The first community solar garden on the Near North Side of Minneapolis will rise this spring on a flat-roofed church along W. Broadway Avenue, thanks to an emerging coalition of faith partners, clean-energy advocates, industry experts, job trainers and community members.
“The ‘Just Solar Garden’ at Shiloh Temple underscores the need for solar energy equality and equal-employment opportunities in communities of color, like the North Side of Minneapolis,” said Julia Nerbonne, executive director of Minnesota Interfaith Power & Light (MNIPL). “This project [and a related March 10 conference] will demonstrate how access to clean energy, workforce development and public policy solutions can bring about authentic equity in the quickly developing solar arena.”
The Just Solar Garden project atop Shiloh Temple is being driven by the MNIPL coalition and its technical and job-training partners.
The Just Solar Coalition also plans installations this year in Edina, at Pax Christi Catholic Church in Eden Prairie and a downtown city parking ramp, as well as in rural Minnesota.
The $500,000 Shiloh project, to be formally announced Friday, is the first of several faith-based solar installations and will precede a Saturday conference at Metro State University’s Great Hall in St. Paul on building a “Just Solar” model that spreads clean energy and jobs into diverse and low-income communities. That will feature Jacqui Patterson, director of the NAACP Environmental and Climate Justice Program in Washington, D.C.
The Shiloh solar array will host 630 panels, and generate enough juice to power the neighboring Masjid An-Nur mosque and 26 households. It is a small, but significant, start and brings Near North — with its historic concentration of minority residents, low-income households and high unemployment rates — into the local solar surge.
Marcus Owens, a North Side native and business veteran who is CEO of the Northside Economic Opportunity Network, said the solar garden is “a fantastic opportunity for the community; particularly opening pathways for job creation; building technological and economical environmental infrastructure.”
A West Broadway surge
The North Side also has experienced rising property values amid increased housing demand in recent years. And there’s been a modest surge in new apartment buildings along the West Broadway corridor that is the main commercial artery of north Minneapolis, as well as small business expansion in refurbished buildings that center on health, art, apparel and food. Other recent developments include construction of a $36 million project to build a headquarters for Thor Cos., along with office space that will include nonprofit minority business counselor and lender Meda, and other related developments at the nearby intersection of Penn and Plymouth avenues.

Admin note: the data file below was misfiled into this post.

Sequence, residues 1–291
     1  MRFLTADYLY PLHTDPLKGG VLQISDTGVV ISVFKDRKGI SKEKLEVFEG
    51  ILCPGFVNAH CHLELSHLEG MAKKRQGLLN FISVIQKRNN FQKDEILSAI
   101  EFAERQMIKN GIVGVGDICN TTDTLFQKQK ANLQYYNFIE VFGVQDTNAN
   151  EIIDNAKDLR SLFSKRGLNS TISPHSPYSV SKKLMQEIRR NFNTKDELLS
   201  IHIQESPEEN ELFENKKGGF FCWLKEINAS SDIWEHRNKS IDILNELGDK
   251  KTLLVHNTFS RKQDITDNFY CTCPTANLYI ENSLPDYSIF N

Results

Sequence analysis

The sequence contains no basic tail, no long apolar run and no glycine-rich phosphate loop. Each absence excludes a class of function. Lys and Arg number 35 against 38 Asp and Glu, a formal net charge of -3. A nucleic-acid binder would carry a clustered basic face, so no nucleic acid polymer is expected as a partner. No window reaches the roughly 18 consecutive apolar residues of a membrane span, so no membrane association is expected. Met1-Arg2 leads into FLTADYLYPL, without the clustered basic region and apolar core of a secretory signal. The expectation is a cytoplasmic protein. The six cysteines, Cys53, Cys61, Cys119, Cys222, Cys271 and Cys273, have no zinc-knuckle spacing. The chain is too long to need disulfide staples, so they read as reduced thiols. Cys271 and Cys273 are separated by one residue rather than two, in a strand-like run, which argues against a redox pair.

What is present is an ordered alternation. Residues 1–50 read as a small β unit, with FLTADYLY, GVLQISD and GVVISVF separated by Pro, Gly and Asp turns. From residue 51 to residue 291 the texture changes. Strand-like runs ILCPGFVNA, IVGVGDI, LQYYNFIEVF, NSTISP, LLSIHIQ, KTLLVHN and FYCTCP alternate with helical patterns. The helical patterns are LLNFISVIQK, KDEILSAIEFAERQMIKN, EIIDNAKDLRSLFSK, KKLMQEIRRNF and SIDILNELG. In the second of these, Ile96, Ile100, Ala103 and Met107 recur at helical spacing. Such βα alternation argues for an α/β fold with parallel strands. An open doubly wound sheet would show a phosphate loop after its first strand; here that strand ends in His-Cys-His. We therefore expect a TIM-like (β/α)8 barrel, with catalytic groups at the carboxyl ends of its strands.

Three popular microbreweries have sprouted in the neighborhood that commercial real estate analysts say is a sign of rejuvenation in once-dilapidated industrial buildings.
Solar and wind energy jobs are among the fastest-growing employment categories in Minnesota. A number of churches, schools and commercial buildings already feature solar arrays in south Minneapolis and elsewhere in the Twin Cities. And MNIPL also is working to cut more minorities into such work through training partners.
Minnesota posted the second highest solar-energy job growth in the country last year, 48 percent, to 4,256 jobs, according to the Solar Foundation. There are more than 250,271 U.S. solar jobs, the majority in installation.
That compares to under 75,000 coal industry jobs. And renewable sources, including wind and solar, have surpassed nuclear power as the second-largest generator of electricity in Minnesota.
Minnesota’s soaring solar employment stems somewhat from the state-mandated Community Solar Garden program, created in 2013. There were 58 community solar projects in December, compared to 10 a year earlier. So far, they can generate at peak up to 211 megawatts compared to 400 megawatts for a midsize coal plant.
Xcel Energy administers the solar garden program, which is aimed at residents, businesses and governments that want solar energy without setting up their own rooftop arrays. Instead, they subscribe to larger arrays operated by independent companies and organizations that connect to Xcel’s grid. Most have been built outside the Twin Cities.
Timothy DenHerder-Thomas of Cooperative Energy Futures of Minneapolis, the developer of the Shiloh project, said it will be financed 40 percent by a local equity investor, which will benefit from federal tax credits, 40 percent from bank debt and 20 percent by subscribing community members.
“There’s a lot of other inner-city stuff in the hopper,” Nerbonne said.
Ralph Jacobsen, founder of IPS Solar, Minnesota’s oldest solar installer, said his firm is working with Jamez Staples, a North Sider and CEO of Renewable Energy Partners, to train minority workers for this and future solar projects.
“This is a job our crew has really been looking forward to,” Jacobson said.
Neal St. Anthony has been a Star Tribune business columnist and reporter since 1984. He can be contacted at firstname.lastname@example.org.